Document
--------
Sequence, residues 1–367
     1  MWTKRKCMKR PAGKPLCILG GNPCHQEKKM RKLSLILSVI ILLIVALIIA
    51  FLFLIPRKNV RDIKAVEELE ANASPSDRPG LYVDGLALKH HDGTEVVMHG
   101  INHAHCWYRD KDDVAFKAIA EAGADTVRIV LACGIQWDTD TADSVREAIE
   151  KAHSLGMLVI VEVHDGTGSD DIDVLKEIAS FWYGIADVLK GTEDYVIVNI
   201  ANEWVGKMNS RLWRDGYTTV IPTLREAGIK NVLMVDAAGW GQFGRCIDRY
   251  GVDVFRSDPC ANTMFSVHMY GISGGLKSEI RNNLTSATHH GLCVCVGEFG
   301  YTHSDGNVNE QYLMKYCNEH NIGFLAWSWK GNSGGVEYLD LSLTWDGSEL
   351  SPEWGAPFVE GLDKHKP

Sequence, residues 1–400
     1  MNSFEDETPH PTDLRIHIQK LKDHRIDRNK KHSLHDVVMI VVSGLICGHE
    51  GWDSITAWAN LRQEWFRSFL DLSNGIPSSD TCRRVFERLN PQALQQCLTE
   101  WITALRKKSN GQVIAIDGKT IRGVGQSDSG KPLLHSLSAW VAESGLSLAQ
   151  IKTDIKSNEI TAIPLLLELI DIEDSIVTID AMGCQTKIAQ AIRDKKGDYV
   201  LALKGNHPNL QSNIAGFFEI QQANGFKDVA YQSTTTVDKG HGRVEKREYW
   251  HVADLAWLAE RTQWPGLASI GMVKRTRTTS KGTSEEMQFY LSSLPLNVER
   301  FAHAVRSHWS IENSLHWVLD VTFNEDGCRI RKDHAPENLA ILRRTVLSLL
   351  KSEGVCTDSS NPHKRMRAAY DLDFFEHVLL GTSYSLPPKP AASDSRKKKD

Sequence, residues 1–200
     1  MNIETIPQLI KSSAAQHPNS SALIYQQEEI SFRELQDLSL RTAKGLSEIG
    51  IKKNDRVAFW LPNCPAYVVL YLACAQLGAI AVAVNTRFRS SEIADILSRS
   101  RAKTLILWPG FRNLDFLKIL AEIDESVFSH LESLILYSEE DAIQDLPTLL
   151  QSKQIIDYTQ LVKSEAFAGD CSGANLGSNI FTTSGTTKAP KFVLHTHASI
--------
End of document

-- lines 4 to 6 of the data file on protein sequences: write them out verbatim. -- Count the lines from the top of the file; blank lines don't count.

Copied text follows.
   101  INHAHCWYRD KDDVAFKAIA EAGADTVRIV LACGIQWDTD TADSVREAIE
   151  KAHSLGMLVI VEVHDGTGSD DIDVLKEIAS FWYGIADVLK GTEDYVIVNI
   201  ANEWVGKMNS RLWRDGYTTV IPTLREAGIK NVLMVDAAGW GQFGRCIDRY